This post was kindly contributed by The Survival Mom
“ The greatest test of courage on earth is to bear defeat without losing heart. ”
— Robert Green Ingersoll
Many of us survival and preparedness-minded individuals live each day with a foot in two worlds. We still go to work, still take care of the kids, still wonder what we’ll make for dinner, but simultaneously we also keep an eye on world events, warning signs of increased economic turmoil, and everyday disasters that might affect our families. It can get crazy, but more than that, it can be very discouraging.
Recently my husband and I came to the conclusion that in our current location we will never have survival-minded friends. Our family members are focused on other issues and concerns, and at times we feel like black sheep. That can be discouraging.
Today a reader sent me this:
Since the “Doomsday Preppers” show has come out, I am finding that there is a HUGE disparity between the beliefs of my husband and I and those of the people in this area, which includes family. Yes, we are bizarre, crazy, and such. When welfare is the biggest employer in this area (and some people seem to be proud of that fact), there isn’t a whole lot of thought to preparing for the future. Sigh….I am discouraged on many fronts these days.
We talk a lot about preparedness and the conclusion we have come to in our household is this: if we really believe that our country, and the world, is on a downward spiral and that a collapse of our economy is inevitable, then we have no choice but to act on those beliefs, even when we get discouraged.
It would be the ultimate example of parental neglect if we didn’t prepare our household for a coming Greatest Depression. We shake our heads at the numbskulls who ignore hurricane warnings until the day before and then wonder where all the bottled water has gone, but is it any different to see a massive storm of another type on the horizon and refuse to prepare or allow emotions to overcome our common sense and determination?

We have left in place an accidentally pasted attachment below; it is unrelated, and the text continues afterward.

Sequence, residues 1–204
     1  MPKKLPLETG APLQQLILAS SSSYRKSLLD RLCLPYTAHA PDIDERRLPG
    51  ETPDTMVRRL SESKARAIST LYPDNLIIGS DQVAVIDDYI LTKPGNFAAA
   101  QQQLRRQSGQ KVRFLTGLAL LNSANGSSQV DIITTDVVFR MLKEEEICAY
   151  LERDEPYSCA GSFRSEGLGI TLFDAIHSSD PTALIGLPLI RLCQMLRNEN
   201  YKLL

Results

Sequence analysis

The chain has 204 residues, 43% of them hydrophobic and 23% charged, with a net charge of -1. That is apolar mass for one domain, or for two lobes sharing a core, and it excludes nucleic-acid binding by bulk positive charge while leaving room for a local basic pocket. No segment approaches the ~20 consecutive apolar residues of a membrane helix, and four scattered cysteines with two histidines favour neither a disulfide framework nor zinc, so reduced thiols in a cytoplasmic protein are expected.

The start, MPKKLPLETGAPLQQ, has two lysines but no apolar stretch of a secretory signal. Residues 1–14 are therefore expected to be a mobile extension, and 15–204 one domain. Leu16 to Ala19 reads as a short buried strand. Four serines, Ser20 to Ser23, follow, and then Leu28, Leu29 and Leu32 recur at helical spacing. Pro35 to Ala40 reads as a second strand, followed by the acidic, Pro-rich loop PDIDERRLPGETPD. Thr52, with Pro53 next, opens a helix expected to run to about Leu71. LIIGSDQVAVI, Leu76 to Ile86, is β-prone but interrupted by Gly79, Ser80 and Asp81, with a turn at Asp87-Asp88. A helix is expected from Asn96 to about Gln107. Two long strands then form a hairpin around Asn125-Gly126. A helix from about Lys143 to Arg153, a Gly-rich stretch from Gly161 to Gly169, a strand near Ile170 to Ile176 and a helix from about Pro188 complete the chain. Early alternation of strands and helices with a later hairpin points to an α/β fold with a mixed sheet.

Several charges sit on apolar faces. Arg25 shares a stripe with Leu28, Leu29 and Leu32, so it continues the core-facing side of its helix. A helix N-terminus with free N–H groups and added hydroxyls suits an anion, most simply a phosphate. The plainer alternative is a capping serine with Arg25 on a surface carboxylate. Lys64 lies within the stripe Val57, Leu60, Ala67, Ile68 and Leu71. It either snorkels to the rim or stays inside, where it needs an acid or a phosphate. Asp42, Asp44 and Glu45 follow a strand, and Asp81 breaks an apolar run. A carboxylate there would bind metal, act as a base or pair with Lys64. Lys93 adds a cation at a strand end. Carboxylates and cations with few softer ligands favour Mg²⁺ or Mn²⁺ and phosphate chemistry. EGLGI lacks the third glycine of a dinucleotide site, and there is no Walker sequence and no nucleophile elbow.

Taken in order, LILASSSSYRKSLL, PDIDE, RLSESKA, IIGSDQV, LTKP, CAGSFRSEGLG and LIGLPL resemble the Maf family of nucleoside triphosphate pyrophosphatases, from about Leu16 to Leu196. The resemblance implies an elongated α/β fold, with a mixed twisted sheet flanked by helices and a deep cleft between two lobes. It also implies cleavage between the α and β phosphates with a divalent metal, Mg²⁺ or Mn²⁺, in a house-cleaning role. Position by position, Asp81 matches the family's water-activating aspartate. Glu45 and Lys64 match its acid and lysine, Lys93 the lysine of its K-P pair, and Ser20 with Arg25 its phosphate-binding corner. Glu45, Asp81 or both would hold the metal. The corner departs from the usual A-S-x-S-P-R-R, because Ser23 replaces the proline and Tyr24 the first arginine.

Emotions come and go. I get discouraged when I don’t get a blog post written or drink all 8 glasses of water each day. When it’s 5 p.m. and I’ve forgotten to defrost the chicken intended for dinner, I get discouraged. Those feelings are fleeting, however. I don’t give up on my blog or on being healthy just because I’m bummed out.
A long time ago I learned a handy little trick that has helped me re-focus my brain when I’m overwhelmed with emotion. There is a small almond shaped area in the brain that controls our fight, flight, or freeze responses. When something triggers a strong emotion, fear, for example, the amygdala begins screaming at us, and we either fight, flee, or freeze. To counteract that message, you can activate the left side of your brain, which controls logic, rational and analytical thought. Simply start counting. That’s right. Begin with “1, 2, 3, 4…” and continue. By forcing the left side of your brain to jump into gear, you can begin to take control over those impulses generated by your amygdala.
Several years ago I experienced a rather frightening incident while waiting for a flight at the Baltimore Washington airport. I had just gone through security when suddenly alarms began clanging and security people appeared from out of nowhere, yelling at everyone to freeze. A few minutes later we were herded into a large area near the ticket counters and stood there for almost an hour. Since this happened just a year or so following 9/11, it was more than a little unnerving.
Standing there with my suitcase I was determined to not let my emotions overcome me, and I began counting. Not only did I count but I also visualized the numbers on a chalkboard. It didn’t take long until I felt completely calm, and my amygdala realized it wasn’t in control anymore!
Counting doesn’t make the problem disappear, but it will make you calmer and more able to handle whatever the challenge might be.
Frankly, survival and preparedness aren’t exactly sunshine-and-lollipops subjects. Every one of us, from James Rawles to the newest prepper newbie, experience moments of fear and, yes, discouragement. It’s okay to take a break from the news. It’s okay to take a week or two off from your “prepping”. I mean, before you got into preparedness you had another life, right?
Take a break. Count to 100, or 1000 if that’s what it takes! Give your amygdala the day off. Your body and emotions will thank you.
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